As long as I can remember, I have always known that I love to write, or rather, I spent inundating amount of times tinkering with words, reshaping them inside my head, considering their weight as they churned this way and that on my tongue, lost in an impractical universe of a child who constructed her impoverished living in the slum of District 5 of Saigon into a wonderland of treasure trove, where small fingers throbbed with wealth of vision, learning to deconstruct and modify language from sounds, sights, smells, tastes into this thing called writing. Thus, I destructively read, and wrote, then prowled beneath, inside, along the liquid landscapes, savage harvests, arrogant sunrises, barren streets, clove-scented kitchens, they all became my reality and fantasy. So, cheers to mediocrity for having the insight to flee.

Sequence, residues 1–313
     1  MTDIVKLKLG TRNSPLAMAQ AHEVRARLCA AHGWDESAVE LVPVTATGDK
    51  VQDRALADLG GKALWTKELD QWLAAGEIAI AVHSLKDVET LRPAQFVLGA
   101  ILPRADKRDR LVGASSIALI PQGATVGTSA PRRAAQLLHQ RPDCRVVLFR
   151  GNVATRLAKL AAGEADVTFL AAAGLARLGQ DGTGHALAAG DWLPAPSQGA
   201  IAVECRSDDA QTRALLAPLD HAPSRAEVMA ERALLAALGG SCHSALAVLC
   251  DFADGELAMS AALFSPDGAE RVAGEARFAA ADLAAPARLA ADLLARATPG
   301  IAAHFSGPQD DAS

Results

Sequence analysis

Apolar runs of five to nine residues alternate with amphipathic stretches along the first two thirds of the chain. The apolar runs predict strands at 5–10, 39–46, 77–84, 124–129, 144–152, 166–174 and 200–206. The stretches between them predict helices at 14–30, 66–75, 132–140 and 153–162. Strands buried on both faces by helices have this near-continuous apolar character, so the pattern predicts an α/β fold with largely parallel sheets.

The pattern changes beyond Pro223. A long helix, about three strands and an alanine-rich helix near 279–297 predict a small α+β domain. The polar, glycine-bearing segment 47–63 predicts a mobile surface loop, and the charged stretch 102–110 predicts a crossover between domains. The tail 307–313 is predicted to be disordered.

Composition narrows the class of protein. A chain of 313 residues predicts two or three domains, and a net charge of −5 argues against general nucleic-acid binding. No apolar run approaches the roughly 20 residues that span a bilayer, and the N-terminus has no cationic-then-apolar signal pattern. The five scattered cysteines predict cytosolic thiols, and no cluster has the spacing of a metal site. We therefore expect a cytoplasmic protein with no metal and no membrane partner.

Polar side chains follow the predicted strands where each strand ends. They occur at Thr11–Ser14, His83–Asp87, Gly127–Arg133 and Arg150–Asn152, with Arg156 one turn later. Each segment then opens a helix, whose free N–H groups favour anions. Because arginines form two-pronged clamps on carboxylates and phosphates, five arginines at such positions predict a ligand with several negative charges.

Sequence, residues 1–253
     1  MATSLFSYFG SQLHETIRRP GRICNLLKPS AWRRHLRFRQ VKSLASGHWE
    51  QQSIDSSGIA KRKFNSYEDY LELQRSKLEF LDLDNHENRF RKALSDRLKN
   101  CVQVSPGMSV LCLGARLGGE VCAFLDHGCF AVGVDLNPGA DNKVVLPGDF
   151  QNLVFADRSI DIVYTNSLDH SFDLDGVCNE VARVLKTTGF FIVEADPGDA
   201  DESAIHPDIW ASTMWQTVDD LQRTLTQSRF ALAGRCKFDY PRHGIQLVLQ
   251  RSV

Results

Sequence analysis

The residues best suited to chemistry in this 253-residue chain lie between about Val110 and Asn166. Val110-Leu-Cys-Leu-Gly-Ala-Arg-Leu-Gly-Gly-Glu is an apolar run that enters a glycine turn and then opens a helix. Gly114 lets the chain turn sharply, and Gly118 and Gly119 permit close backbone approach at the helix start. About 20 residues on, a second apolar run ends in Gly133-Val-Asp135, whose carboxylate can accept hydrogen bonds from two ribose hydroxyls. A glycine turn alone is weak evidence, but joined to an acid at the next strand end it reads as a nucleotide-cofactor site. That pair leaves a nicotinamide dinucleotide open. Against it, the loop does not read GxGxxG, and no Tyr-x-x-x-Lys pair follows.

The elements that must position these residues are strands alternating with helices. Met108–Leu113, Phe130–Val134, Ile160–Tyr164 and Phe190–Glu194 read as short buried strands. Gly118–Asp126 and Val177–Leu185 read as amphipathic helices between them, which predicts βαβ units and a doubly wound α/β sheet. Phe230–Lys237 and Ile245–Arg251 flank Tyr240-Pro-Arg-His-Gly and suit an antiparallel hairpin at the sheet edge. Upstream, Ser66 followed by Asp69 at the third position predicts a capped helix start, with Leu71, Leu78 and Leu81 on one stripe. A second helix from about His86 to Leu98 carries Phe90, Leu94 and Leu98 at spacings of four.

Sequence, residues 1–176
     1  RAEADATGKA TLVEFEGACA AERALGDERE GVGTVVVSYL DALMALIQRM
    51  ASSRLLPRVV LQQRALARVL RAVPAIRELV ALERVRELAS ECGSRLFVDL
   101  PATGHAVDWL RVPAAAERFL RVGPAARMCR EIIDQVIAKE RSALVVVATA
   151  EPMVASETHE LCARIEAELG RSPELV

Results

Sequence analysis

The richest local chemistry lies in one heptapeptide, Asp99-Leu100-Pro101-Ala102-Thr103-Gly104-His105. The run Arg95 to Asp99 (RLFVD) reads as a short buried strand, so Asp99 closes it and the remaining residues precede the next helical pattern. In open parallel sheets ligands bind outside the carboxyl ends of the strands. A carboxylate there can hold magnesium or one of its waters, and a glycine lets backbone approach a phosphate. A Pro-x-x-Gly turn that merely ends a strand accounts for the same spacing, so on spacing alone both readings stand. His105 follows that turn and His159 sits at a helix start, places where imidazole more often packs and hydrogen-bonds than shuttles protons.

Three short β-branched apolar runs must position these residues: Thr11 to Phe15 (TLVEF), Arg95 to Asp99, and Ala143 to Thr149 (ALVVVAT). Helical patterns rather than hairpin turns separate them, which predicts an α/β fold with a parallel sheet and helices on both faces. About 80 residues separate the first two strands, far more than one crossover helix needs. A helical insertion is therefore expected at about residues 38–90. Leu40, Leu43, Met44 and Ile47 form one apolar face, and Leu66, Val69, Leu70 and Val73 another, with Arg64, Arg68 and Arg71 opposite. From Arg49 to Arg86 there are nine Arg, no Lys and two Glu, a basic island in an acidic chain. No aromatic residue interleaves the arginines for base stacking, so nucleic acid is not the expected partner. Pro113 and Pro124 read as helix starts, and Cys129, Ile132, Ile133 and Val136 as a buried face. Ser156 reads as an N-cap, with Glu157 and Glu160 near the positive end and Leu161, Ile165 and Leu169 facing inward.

My storyteller of choice is Haruki Murakami. He writes simply, provokes provocation in the course of rational reasoning while confessing to the necessity of change. He envisions the world as a floating logic burgeoning from an atom, with an understanding of how life should be lived, though along the way, it struggles with insatiable urges of the loins, and straying will, so it scrubs at the pitiful cries and ubiquitous chains of surrealistic temperament born through self-evolving, but evolves it does. I think this is the essence of his writing, equally so with poetry in motion, for you must be able to enter a place where you cannot turn away from your maimed beauty, your inarticulate truth, and your blank contention of ego.

2) How do you first start writing a poem? Does it come to you out of the blue, or do you have a set time where you meet with your Muse each day and let the words just … come? Has your idea of what poetry is changed since you began writing poetry?